You don’t have to be a full-time soccer dad to know that, when your twelve-year-old daughter wakes up after having been widely reported dead, she’ll need something to eat.
Jairus the synagogue official loved his daughter. He also believed in Almighty God, and loved Him. The father loved God enough to think: The Lord does not will death and sadness; he does not wish me to lose my little girl.
And the synagogue official had heard of Jesus of Nazareth. Jairus believed that all the goodness of the ancient Lord of Israel, Who had liberated the people from slavery, and fed them with manna in the desert, and made their daughters graceful as columns—all that goodness dwelt in the Galilean rabbi.
Let’s try to share Jairus’ mind. Dark house. Wailing mourners. His well-meaning neighbors, thinking they were doing him a favor by coming over to caterwaul and lament how sad and miserable the world is. How there really is no hope. Meanwhile, all Jairus can think is: I just want to give my little girl a sandwich and tell her she can go outside and play after she has had adequate time to digest. Why won’t she wake up?
How the mourners must have stared when Jairus declared his intention to stride out into the dusty sunshine in search of the Nazorean rabbi.
“What has gotten into him?” they thought to themselves. “This synagogue official always seemed so reasonable—until now. Grief has overcome his wits.”
Meanwhile, Jairus is thinking to himself, “I can’t take any more of this wailing.” And Christ couldn’t stand the sound of it, either. He put the mourners out of the house. After all, he had told Jairus: “Do not be afraid. Just have faith.”
Just have faith that twelve-year-old girls will continue to eat sandwiches and play soccer. Just have faith that death will not swallow our hopes. Have faith that summertime barbecues will mean peace and co-operation in families, and not misunderstanding and misery. Just believe that the heavenly Father loves His children. His loving Hands will give us life.
Up the stairs. To the little bed…
Talitha koum. Get up, little girl. I am the Lord of Life. I create day, not darkness. I bring healing, not woe. I want twelve-year-old girls to eat sandwiches and play soccer in the afternoon, not die and leave their fathers hopeless and bereft. Just co-operate with me, and all will be well.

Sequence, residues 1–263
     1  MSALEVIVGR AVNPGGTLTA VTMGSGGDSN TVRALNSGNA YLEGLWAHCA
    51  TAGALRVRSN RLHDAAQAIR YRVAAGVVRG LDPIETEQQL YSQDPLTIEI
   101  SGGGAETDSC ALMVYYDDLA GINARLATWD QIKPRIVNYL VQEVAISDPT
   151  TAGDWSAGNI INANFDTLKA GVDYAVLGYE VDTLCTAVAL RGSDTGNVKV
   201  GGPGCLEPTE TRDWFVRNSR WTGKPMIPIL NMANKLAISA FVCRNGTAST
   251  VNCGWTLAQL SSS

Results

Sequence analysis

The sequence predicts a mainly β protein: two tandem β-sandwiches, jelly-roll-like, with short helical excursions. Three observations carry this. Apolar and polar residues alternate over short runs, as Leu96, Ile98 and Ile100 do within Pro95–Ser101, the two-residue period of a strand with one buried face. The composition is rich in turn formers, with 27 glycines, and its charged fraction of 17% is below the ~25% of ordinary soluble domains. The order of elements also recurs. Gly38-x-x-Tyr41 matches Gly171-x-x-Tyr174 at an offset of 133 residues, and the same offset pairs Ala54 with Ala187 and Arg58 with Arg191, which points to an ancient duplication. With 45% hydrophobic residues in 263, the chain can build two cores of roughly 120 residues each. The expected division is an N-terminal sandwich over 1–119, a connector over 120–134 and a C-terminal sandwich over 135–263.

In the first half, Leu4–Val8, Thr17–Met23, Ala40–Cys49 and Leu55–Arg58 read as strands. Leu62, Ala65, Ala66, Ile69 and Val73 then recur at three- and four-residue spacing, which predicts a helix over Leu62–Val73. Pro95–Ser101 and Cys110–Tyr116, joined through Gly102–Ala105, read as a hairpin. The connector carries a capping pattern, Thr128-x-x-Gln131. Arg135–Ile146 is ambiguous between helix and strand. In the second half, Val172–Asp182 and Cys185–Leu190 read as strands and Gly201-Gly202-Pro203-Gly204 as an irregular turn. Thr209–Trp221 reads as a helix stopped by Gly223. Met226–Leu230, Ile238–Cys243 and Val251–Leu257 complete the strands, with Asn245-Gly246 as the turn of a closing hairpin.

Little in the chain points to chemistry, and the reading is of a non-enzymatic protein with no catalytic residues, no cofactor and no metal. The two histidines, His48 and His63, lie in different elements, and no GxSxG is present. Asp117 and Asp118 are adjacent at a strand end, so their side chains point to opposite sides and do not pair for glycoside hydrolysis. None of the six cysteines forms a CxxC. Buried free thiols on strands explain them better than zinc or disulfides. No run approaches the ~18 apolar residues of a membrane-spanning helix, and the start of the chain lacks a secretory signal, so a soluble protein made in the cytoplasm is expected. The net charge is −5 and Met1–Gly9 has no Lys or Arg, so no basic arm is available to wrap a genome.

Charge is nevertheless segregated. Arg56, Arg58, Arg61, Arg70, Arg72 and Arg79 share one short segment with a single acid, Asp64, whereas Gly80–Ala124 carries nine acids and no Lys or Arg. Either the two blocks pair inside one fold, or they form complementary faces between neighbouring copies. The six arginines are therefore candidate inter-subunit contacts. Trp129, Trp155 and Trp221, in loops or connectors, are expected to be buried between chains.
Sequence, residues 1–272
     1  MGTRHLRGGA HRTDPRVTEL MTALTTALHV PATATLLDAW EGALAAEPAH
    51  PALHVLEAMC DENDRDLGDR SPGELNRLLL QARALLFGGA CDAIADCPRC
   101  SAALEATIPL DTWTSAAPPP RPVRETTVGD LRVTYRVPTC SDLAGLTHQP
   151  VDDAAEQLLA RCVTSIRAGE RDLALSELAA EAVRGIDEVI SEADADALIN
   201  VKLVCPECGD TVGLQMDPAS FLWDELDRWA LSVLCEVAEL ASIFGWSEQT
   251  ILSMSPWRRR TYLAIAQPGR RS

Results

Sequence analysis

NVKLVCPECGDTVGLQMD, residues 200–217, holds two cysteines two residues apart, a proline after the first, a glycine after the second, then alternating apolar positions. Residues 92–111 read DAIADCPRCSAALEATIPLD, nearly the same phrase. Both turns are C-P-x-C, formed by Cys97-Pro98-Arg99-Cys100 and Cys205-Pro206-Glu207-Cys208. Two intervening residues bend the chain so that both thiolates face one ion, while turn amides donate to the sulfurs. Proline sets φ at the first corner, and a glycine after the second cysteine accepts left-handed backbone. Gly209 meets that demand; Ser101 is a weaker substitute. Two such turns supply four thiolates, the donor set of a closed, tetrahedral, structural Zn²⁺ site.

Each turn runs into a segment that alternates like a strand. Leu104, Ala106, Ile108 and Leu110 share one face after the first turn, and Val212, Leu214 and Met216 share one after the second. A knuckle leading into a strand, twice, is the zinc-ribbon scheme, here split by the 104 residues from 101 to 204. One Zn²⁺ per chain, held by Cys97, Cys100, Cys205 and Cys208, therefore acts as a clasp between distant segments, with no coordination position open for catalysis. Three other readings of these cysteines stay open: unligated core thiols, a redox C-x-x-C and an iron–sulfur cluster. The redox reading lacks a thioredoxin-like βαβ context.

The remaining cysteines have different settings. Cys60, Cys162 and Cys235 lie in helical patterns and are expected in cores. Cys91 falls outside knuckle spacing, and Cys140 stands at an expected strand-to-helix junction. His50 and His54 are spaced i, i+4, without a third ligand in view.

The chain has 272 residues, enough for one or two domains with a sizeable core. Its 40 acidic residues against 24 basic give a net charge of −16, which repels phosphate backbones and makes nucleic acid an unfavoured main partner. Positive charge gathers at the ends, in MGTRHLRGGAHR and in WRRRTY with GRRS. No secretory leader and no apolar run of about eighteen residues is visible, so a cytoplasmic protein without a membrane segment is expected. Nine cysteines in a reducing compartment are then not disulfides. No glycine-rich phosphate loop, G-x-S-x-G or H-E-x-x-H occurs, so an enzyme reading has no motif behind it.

Last week our Holy Father gave us an encyclical letter, as you probably know. Laudato Si’. Blessed be. Blessed may You be, all-powerful, most-holy Lord! May You be especially blessed through brother sun, sister moon, and sister Mother Earth. Blessed may You be, by life bubbling up everywhere.
Not to over-generalize, but: The 20th century bequeathed to us a fearful, dark outlook on things. The 20th century gave us ideas like: Nature deals in death, a law of the jungle; only the strong survive. Left to itself, nature unravels randomly and ends in chaos. Science and technology possess the ultimate power. Only our human know-how can organize and perfect the raw material. We can be ever more comfortable, if only we build better machines. Ancient religious traditions only stand in our way. 20th-century man thought that he could build better than God.
Let’s read one paragraph of our Holy Father’s encyclical…
A spirituality which forgets God as all-powerful and Creator is not acceptable… The best way to restore men and women to their rightful place, putting an end to their claim to absolute dominion over the earth, is to speak once more of the figure of a Father who creates and who alone owns the world.
The blessed, all-holy Lord does not will death and destruction. He has a plan, and He moves things to unfold for life and goodness, for grassy fields for 12-year-olds to play soccer on. Jairus the synagogue official knew: Wisdom demands my co-operating with the God of Israel, Who walked the earth to unite Himself with us.
The 20th century involved mankind trying to control everything. I guess we could say that trying to control all the forces of Mother Nature works just as well as trying to control all the forces of a 12-year-old girl. Better to try to co-operate with those forces, instead of trying to control them. After all, the forces in question are fundamentally forces of life. The forces of nature, set in motion by the Eternal Word, are forces of life.
Let’s pray that the 21st century will see the human race co-operating, instead of trying to control. The human race co-operating, working together towards a common good. Co-operating with God.